Effects of Full-Term Infant Massage on Mother's Emotional State

Authors


Poster Presentation

Objective

Mother–infant bonding disorders affect a mother's ability to cope with the care of her infant and can have long-term adverse consequences for the mother–infant relationship. Evidence demonstrates the benefits of infant massage with preterm and low birth weight infants to improve the mother's mental health, but benefits are unknown among mothers with full-term infants. The aim of this study is to evaluate the effects of full-term infant massage for a 4-week period on mother's emotional state.

Design

This is an intervention research.

Setting

The study was conducted in Shiga Prefecture, Japan.

Patients/Participants

Primiparous mothers at 3 months postpartum who attended an infant massage class participated in this study as intervention group (n = 20).

Methods

Mothers were encouraged to massage their infants for 10 to 15 minutes at least once per day for 4 weeks, starting when their infants were 3 months old. The control group was paired with the intervention group by matching the parity and postpartum period (n = 20), and the mother was required to hold her infant for 15 minutes instead of massage. The mother's emotional status was assessed using a Japanese version of the Profile of Mood States and Postpartum Bonding Questionnaire at the beginning and the end of the intervention. The Profile of Mood States assesses six emotional states as subscales: tension-anxiety, depression, anger-hostility, vigor, fatigue, and confusion.

Results

The mothers in the intervention group had done infant massage every day. No significant differences were observed in all subscales of Profile of Mood States and total Postpartum Bonding Questionnaire scores between the intervention and control groups at either 3 or 5 months postpartum. The score of anger-hostility at 5 months postpartum was significantly lower than that at 3 months postpartum in the intervention group but not the other subscales. A significant correlation was observed between the total Postpartum Bonding Questionnaire scores and score of tension-anxiety at 3 months postpartum (p < .05), and between the total Postpartum Bonding Questionnaire scores and score of fatigue at 5 months postpartum in the intervention group (p < .05), but not in the control group.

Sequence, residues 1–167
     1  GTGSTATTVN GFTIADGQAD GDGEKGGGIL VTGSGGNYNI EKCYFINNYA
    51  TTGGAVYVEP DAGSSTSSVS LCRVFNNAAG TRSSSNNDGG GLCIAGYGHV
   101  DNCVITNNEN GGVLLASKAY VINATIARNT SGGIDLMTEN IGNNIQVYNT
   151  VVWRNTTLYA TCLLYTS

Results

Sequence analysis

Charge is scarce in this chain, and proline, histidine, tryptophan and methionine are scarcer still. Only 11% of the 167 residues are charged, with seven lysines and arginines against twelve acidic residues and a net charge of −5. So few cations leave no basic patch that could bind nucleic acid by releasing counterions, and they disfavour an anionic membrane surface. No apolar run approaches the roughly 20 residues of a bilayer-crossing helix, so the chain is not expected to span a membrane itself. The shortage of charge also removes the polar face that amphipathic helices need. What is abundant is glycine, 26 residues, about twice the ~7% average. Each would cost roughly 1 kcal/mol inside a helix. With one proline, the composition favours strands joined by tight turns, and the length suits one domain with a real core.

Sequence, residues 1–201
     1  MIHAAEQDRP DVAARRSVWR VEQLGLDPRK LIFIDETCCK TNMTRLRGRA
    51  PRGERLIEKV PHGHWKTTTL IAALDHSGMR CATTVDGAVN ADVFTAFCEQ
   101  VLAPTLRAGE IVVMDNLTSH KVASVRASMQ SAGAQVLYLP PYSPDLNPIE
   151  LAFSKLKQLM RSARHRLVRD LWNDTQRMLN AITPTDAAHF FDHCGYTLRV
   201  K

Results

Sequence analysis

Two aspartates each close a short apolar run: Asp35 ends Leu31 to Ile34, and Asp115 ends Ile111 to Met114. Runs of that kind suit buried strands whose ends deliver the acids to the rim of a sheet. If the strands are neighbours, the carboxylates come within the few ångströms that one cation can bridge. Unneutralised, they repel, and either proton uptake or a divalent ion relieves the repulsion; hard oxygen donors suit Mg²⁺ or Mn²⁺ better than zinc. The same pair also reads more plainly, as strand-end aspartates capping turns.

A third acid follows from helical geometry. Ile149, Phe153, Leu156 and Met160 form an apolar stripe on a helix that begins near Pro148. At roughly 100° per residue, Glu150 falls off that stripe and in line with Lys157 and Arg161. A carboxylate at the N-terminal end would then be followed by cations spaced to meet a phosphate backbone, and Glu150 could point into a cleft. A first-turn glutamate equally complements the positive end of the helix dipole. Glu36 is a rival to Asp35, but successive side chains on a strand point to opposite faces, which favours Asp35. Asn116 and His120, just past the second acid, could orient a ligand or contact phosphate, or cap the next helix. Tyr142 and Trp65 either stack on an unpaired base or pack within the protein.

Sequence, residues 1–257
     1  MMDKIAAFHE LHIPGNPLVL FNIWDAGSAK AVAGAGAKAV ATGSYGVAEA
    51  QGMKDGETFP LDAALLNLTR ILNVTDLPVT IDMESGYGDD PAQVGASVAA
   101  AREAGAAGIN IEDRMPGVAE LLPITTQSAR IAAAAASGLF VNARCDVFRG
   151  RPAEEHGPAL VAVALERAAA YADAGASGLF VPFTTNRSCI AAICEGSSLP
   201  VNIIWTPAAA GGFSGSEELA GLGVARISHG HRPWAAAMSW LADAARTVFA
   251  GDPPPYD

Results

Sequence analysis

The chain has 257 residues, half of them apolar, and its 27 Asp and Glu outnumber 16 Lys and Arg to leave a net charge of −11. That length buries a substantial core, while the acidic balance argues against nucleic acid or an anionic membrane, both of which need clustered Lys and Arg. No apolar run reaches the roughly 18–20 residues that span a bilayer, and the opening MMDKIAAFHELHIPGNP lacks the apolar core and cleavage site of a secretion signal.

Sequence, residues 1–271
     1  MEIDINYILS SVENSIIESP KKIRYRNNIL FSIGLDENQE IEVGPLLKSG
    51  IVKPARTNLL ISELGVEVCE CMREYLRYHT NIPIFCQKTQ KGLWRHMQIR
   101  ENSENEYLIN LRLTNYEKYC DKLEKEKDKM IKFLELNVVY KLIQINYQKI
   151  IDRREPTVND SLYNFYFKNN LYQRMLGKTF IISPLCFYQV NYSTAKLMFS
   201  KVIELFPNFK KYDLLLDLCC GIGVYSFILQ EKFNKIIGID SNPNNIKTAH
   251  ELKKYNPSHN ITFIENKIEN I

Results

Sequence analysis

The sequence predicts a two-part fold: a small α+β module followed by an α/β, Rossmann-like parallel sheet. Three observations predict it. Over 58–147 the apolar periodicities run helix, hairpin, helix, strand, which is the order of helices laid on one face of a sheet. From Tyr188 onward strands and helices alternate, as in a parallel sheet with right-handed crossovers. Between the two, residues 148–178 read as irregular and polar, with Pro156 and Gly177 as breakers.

Conclusion/Implications for Nursing Practice

Through massage, the mother learns how to cope with the care of her infant and enhances her confidence in parenting abilities. This study suggests that the daily practice of full-term infant massage by the mother for 4 weeks may have beneficial effects on the maternal emotional mood.

Ancillary